Wednesday, August 11, 2010

Two-faced neocon finks like Graham and McCain still able to hoodwink the less sophisticated of the tea party voters

From:
Minutemen for McCain

(The American Conservative) -- by W. James Antle III --

Ending birthright citizenship is suddenly all the rage among Republican big shots in Washington. Both Senate Minority Leader Mitch McConnell and House Minority Leader John Boehner have endorsed the idea. So has Senate Minority Whip Jon Kyl. But one surprising voice has joined the chorus.

Sen. Lindsey Graham, the South Carolina Republican known for being a pro-amnesty “maverick,” has led the charge in getting the Senate Judiciary Committee to hold hearings on citizenship reforms long touted by immigration restrictionists. Graham hasn’t suddenly found religion on controlling illegal immigration. He’s just looking for political cover for his next piece of amnesty legislation.

“Yeah, I think it’s fair to say that I need to go home to South Carolina and say: listen, I know we’re all upset that we have 12-14 million people illegally, ” Graham admitted to National Review. “I’m going to have to be practical. We’re not going to deport or jail 12-14 million people.” He then touted the same “comprehensive immigration reform” South Carolina conservatives have overwhelmingly scorned as amnesty.

Of course, Graham had already signaled less directly that he is not really serious about addressing the illegal-immigration problem with enforcement rather than amnesty. One of his ideas for reforming birthright citizenship was to revise the Fourteenth Amendment with another constitutional amendment. As has been demonstrated on issues ranging from abortion to flag-burning, no-hope constitutional amendments are the standard way Republican politicians turn out the conservative base without actually having to do anything concrete to promote conservative policies.

Why would Graham, one of the most prominent supporters of amnesty in the Republican Party, so brazenly engage in empty pandering? Perhaps he has learned from his mentor, Sen. John McCain. McCain was Ted Kennedy’s partner in pursuing amnesty for illegal immigrants during the Bush years. He is now seeking reelection in Arizona, a state that has been severely damaged by the country’s porous borders and whose voters — particularly the Republican primary electorate — are angry about immigration non-enforcement.

Yet according to polls of GOP primary voters, McCain still leads. In some cases, he is ahead by more than 20 percentage points. McCain’s conservative primary challenger, former Congressman J.D. Hayworth, is far from perfect. But Hayworth has a point when he says that McCain is not a trustworthy convert to the immigration-enforcement cause. Hayworth has a devastating ad tying McCain’s admission that he’s lied to win elections before with the incumbent senator’s longtime amnesty advocacy. It remains to be seen whether it will dent McCain’s standing...MORE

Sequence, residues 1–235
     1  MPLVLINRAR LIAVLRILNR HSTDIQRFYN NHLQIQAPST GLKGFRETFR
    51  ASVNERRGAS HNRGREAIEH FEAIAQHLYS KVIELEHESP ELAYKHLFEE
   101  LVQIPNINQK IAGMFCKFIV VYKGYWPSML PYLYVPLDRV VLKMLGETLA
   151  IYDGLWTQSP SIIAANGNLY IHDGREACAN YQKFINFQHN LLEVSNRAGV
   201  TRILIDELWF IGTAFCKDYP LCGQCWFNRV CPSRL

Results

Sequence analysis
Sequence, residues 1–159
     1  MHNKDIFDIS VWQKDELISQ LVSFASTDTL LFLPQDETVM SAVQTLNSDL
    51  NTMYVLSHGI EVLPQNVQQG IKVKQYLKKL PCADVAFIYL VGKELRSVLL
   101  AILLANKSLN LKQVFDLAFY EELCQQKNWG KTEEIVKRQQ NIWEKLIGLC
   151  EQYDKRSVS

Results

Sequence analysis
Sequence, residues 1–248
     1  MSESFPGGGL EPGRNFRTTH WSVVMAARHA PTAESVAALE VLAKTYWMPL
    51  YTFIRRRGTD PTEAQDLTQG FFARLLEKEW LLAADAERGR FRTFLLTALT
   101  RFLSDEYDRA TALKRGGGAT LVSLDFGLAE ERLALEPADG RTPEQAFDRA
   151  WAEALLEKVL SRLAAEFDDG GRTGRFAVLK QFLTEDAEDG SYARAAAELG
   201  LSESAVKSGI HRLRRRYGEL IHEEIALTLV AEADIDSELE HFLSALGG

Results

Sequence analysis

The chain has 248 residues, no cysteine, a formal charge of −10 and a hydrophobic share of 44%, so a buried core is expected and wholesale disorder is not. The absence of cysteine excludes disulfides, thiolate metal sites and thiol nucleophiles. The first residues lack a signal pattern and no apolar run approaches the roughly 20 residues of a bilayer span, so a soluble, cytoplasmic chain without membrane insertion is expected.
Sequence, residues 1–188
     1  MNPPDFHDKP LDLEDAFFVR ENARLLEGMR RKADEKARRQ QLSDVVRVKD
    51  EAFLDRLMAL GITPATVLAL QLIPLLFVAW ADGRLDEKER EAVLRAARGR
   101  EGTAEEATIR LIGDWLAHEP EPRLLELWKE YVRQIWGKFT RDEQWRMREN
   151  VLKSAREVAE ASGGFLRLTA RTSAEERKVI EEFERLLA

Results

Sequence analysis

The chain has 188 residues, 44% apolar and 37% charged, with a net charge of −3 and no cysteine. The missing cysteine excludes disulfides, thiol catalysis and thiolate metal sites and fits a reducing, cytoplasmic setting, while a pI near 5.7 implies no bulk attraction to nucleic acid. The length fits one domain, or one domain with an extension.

The security fence hasn’t just gone from being “goddamned” to “danged.” McCain has gone from being in league with open-borders Republicans and pro-immigration liberals to being, in the sheriff’s catchphrase, “one of us.” That’s “us” as in pro-sovereignty conservatives who favor serious enforcement of the nation’s immigration laws. How did this happen?

Conservatives of all stripes have been too quick to forgive Republican malfeasance. This was all too evident when McCain captured the 2008 Republican presidential nomination and proceeded to win overwhelming conservative support for his dismal general election campaign against Barack Obama. But immigration hawks have proved the most pliant.

Illegal immigration motivates as much passionate grassroots activism as is seen among the Tea Party or pro-life movements. Just ask the Minutemen. But you would seldom see dedicated Tea Partiers bailing out a pro-bailout politician in a competitive Republican primary. Similarly, pro-lifers did not rally behind Rudy Giuliani, a staunch defender of legal abortion, when “America’s Mayor” sought a promotion to the presidency. Why isn’t amnesty sinking McCain in a Republican primary in Arizona, of all places?

The restrictionist Right has made a great deal of progress in pushing a pro-business Republican Party in the direction of its pro-enforcement base and away from its cheap-labor-lobby donors. Unfortunately, all but the most engaged of these anti-illegal immigration voters remain vague about what constitutes a pro-enforcement position. That means they are easy for Republican politicians to placate with the right rhetoric about immigration and border security...MORE...LINK
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